This may not be the most efficient, but is something I have done with the gear I am always carrying - which to me is more important. On any route where I will be abseiling (or may need to ascend) I always carry my Reverso, as well as a Shunt (or smaller / lighter equivalent device). I use the shunt while abseiling in place of a prusik. I generally have a ...


4

Now after I got some answers I'd like to post my own observations: The most 'efficient' method I found so far with out using foot ascenders is using two conventional ascenders/(or prussiks/tibloc etc) with each a footloop. (And both obviously also connected to your harness for safety.) That way you can use your leggs to push yourself up. But it still can ...


3

Are climbing harnesses tested for upside down falls? ... No. Harness have forces gradually applied to them of up to 15kn while attached to a dummy, the dummy is oriented in the head up position and the force is applied as if a person was hanging from the belay loop. Alternatively the harness belt is placed around a cylinder and forces are gradually applied ...


3

Climb easy routes very slowly Try climbing the easy routes slowly to focus on technique. Climbers will often blow through a route by relying on strength and dynamic moves, but moving slowly and deliberately while focusing on foot placement, posture, and balance, will help you find improvements. Moving slowly also helps build important stabilizer muscles ...


3

One case of taping I personally know to be effective has not yet been addressed. A typical injury in climbing is a lumbrical tear in the most severe case. More likely than a full tear is a strain, which does not even have to involve holding a one finger pocket. A typical symptom is a pronounced pain when load is only applied to some fingers (e.g. only index ...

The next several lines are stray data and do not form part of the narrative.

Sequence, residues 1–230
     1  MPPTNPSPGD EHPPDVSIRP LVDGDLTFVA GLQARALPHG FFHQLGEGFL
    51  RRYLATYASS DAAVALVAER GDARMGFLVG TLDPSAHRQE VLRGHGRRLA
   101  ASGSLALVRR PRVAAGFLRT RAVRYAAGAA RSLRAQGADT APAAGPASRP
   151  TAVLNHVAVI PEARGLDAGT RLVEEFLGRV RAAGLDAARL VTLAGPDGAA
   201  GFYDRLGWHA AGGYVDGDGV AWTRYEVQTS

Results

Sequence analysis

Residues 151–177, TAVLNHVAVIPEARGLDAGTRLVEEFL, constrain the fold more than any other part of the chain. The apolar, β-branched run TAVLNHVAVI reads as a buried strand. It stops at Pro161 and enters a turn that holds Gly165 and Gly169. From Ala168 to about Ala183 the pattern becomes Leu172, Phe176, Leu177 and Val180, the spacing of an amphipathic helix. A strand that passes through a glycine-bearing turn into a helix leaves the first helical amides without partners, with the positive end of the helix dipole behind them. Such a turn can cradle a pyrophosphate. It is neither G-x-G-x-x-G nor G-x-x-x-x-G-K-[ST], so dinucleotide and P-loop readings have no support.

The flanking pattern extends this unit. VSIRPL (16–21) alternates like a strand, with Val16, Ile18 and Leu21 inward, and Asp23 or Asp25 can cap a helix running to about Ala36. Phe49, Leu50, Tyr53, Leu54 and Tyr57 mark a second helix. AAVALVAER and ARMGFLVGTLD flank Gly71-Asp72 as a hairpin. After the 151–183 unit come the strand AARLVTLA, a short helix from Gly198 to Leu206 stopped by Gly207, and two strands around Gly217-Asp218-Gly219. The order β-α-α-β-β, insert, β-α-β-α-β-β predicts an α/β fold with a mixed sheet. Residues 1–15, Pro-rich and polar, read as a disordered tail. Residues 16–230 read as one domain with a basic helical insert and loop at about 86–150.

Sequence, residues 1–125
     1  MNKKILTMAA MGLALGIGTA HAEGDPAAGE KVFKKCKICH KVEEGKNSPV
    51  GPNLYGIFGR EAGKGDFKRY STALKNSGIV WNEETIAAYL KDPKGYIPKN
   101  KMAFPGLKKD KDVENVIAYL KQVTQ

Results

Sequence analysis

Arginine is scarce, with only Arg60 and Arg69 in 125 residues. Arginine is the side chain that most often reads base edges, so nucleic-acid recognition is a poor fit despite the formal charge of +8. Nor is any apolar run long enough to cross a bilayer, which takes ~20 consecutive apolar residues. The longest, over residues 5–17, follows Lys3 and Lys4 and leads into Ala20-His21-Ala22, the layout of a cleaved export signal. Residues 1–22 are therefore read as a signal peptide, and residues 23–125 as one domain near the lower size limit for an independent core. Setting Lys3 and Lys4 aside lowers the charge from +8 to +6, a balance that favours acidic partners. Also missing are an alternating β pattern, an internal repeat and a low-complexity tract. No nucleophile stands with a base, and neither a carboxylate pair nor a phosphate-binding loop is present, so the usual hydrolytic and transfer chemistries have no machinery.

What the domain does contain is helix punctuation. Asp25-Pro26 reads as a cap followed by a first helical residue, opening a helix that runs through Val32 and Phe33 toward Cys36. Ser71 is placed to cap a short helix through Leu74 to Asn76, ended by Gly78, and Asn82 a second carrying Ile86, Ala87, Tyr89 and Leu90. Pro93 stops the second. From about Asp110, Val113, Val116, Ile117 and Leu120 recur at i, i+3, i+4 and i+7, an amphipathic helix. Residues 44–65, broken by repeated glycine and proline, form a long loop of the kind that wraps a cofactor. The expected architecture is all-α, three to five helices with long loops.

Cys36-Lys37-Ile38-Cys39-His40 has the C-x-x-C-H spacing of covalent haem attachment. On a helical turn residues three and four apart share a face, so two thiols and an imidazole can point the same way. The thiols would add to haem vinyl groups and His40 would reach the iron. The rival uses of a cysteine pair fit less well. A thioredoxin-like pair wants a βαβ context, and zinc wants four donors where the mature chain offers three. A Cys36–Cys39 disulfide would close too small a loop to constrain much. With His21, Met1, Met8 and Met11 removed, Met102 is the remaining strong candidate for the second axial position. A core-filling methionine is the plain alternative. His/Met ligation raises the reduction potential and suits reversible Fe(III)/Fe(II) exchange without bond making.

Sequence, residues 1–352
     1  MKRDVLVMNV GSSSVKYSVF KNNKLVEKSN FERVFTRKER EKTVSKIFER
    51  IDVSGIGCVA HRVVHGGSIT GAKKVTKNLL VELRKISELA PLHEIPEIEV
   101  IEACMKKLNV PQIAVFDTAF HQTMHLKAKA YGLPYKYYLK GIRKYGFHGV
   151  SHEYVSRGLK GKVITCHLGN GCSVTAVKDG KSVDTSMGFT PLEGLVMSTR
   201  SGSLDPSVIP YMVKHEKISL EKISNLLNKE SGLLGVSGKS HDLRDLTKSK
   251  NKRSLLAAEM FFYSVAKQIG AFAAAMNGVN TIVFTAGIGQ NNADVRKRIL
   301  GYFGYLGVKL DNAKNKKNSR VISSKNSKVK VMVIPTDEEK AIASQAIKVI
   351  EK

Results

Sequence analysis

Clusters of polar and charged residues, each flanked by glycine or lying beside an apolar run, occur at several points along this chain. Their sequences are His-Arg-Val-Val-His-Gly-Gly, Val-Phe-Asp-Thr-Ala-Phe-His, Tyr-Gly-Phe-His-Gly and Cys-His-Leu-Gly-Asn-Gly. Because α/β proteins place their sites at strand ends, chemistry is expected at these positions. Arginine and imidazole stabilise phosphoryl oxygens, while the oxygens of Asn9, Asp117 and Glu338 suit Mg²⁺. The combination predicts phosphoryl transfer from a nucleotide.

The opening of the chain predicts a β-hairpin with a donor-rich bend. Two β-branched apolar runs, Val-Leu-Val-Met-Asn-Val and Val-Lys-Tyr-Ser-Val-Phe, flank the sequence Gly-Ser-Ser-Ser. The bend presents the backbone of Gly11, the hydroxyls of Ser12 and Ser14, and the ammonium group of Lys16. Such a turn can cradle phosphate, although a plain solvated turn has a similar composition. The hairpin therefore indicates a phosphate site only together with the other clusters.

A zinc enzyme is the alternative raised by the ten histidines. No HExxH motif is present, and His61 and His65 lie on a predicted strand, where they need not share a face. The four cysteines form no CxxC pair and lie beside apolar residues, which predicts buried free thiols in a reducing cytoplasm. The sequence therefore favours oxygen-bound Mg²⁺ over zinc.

2

Not sure there are many places where monkeys would be an issue, but I suppose the issue is the same with other animals. In Europe where climbing ethics are often related to environmental ethics and respect of wildlife and nature, it is usual to leave any nesting animal alone and avoid disturbing them. See the BMC advice for British climbers and birds: ...


2

I wouldn't do this the way you propose. If I understand you correctly, you want to clip the top bolt, then have your belayer hold your weight while you set up a top anchor, and you want to know how to unclip your quickdraw after and load the top anchor. My first question would be, why aren't you using a personal anchor? My second question would be, why ...


1

"Jumars" are the quickest method to ascend a fixed rope. They are mechanical devices that lock and each attach to your harness and to leg straps of specified lengths so you can step on one then the other like a ladder and rest on your waist rather than your hands. Climbing with these devices is referred to as "Jugging" and is commonly done by speed ...


1

This is not a complete answer to my own question, but I came across the following relevant material in the book by Long and Gaines on climbing anchors. For toprope setups, most professional guides use static rope when tying off huge boulders and blocks, since it is more abrasion resistant and less likely to jam in pinches than webbing. Static rope ...



Only top voted, non community-wiki answers of a minimum length are eligible